How to fix your sweaty pits. Not everyone looks forward to a heatwave.
Sweating is totally normal, we all do it. It is healthy to sweat in order to help regulate your body temperature and cool you down.
Hyperhidrosis is abnormally excessive sweating that's not necessarily related to heat or exercise. You may sweat so much that you need to change your clothes several times in a day or reapply deodorant numerous times. Besides disrupting normal daily activities, this type of heavy sweating can cause social anxiety and embarrassment.
The sweat glands in people with hyperhidrosis are overactive, or as I like to say, like faucets that won’t turn off. There are two types of hyperhidrosis: primary (also known as primary focal) and secondary (also known as secondary generalized). Primary hyperhidrosis happens when the nerves that control your sweat glands become overactive. Secondary hyperhidrosis is the result of another medical condition (like diabetes, menopause, thyroid issues, and certain types of cancer), or a side effect of a medication regimen. The most common affected areas are hands, feet, underarms and face/head, but people also can have groin and even full-body sweating.
Hyperhidrosis continues to be a taboo subject partly because those of who have it are too ashamed to talk about it or are very busy hiding it.
Some Simple Facts about Hyperhidrosis:
1. Hyperhidrosis affects every single aspect of lives, from clothing to career choice.
A lot of people think those with hyperhidrosis are just sweaty, but really, the condition affects every detail of their lives—from the things they do to the things they avoid. Some prefer black clothing (even in summer), breathable cotton, and wicking fabrics. Silk and satin are basically off-limits, and clothes made from polyester, nylon, or spandex-hell no! as they can trigger to sweat more since they aren't very absorbent.
2. No, seriously. Puddles, Puddles, Puddles. Hyperhidrosis is not constant. So while you may have an occasional drier day— you’re usually struggling on a daily basis. Episodes are hard to measure. Sometimes you sweat for five minutes when walking from your car to the shopping centre in the heat (but we’re talking pools of sweat, not the amount an average person would who also gets hot in the summer).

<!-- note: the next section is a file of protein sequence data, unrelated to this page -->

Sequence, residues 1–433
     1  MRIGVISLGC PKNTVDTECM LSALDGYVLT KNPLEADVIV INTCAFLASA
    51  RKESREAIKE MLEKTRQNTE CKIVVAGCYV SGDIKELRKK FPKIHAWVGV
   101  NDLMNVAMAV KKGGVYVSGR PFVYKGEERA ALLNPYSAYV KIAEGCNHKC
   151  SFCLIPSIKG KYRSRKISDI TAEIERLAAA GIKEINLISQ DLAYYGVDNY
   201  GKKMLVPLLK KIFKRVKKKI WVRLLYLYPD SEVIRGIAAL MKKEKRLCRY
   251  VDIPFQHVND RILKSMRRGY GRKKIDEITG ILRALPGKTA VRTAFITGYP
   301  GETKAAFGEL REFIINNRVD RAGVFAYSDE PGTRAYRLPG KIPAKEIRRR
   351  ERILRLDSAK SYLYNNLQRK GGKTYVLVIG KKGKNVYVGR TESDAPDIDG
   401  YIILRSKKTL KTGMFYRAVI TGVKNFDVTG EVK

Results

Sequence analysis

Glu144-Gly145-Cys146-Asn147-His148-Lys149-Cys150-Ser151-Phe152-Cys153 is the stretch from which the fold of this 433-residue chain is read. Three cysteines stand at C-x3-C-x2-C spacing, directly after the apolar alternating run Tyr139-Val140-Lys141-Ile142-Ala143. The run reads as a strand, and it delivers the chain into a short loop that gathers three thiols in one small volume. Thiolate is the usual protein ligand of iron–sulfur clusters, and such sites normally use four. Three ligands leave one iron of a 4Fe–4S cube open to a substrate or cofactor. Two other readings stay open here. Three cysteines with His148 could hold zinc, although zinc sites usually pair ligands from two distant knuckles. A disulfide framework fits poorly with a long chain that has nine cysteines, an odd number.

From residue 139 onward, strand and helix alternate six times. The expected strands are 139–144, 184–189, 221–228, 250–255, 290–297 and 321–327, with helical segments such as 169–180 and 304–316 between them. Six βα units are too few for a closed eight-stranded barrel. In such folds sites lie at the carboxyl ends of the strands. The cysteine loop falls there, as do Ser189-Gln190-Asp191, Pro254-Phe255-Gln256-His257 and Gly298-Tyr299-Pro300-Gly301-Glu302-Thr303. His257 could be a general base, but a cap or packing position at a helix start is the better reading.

Almost anything can set off the waterworks. Be it, standing in line, having to shake someone’s hand, hot weather, cold weather, job interviews and public speaking.
But here’s what else can make some sweat… doing absolutely nothing!!
3 There’s a difference.. You’re nervous because you’re sweating not sweating because you’re nervous. Seriously, no one needs to point out the sweaty person in the room- they’re alarmingly aware. They are aware because they are desperately trying to conceal it. If you see them wearing all-black clothing, long sleeves in the summer, it doesn’t mean they’re oddballs. It means they’re trying to hide their condition. They don’t want to walk around with sweat stains and have everyone glare at them.
4. It takes a lot of moxy to go through life as a jumper. Going through life is hard enough. It takes an extra amount of courage to show up in the world when you’re sweating.
5. Luxury fabrics are a NO-NO, because you’ll ruin them. There’s no sense in buying expensive clothes if you’ll stain them with sweat marks. Hyperhidrosis makes it difficult to embrace fashion for those fashion lovers.
6. Hyperhidrosis can be isolating. Hyperhidrosis is often socially, professionally, and emotionally isolating. It drastically impacts quality of life and daily functioning. You may skip events because your hyperhidrosis prevents you from having a good time.
7. Sweating makes you feel really, really ashamed. Hyperhidrosis is under-recognized and under-treated largely in part because people are too embarrassed to speak up and seek help. But it doesn’t have to be this way.
Simply Skin Clinic are offering treatment using Botox®. Botox® for hyperhidrosis is not a cure and will not permanently stop excessive sweating. It will however provide temporary relief for up to 6 months.
The sweat glands in the skin are triggered by a nervous impulse. The nerve impulses may tell the gland to produce sweat when you are too hot or perhaps when you are nervous. When Botox® is injected into the affected area, the toxin blocks the chemical messenger sent to your nerves thus stopping the nerve from triggering the sweat gland. Botox® blocks the nerve endings and so sweat cannot be produced. Sweating will return after 3 to 6 months as the effects wear off. The treatment can then safely be repeated. Results can vary from person to person.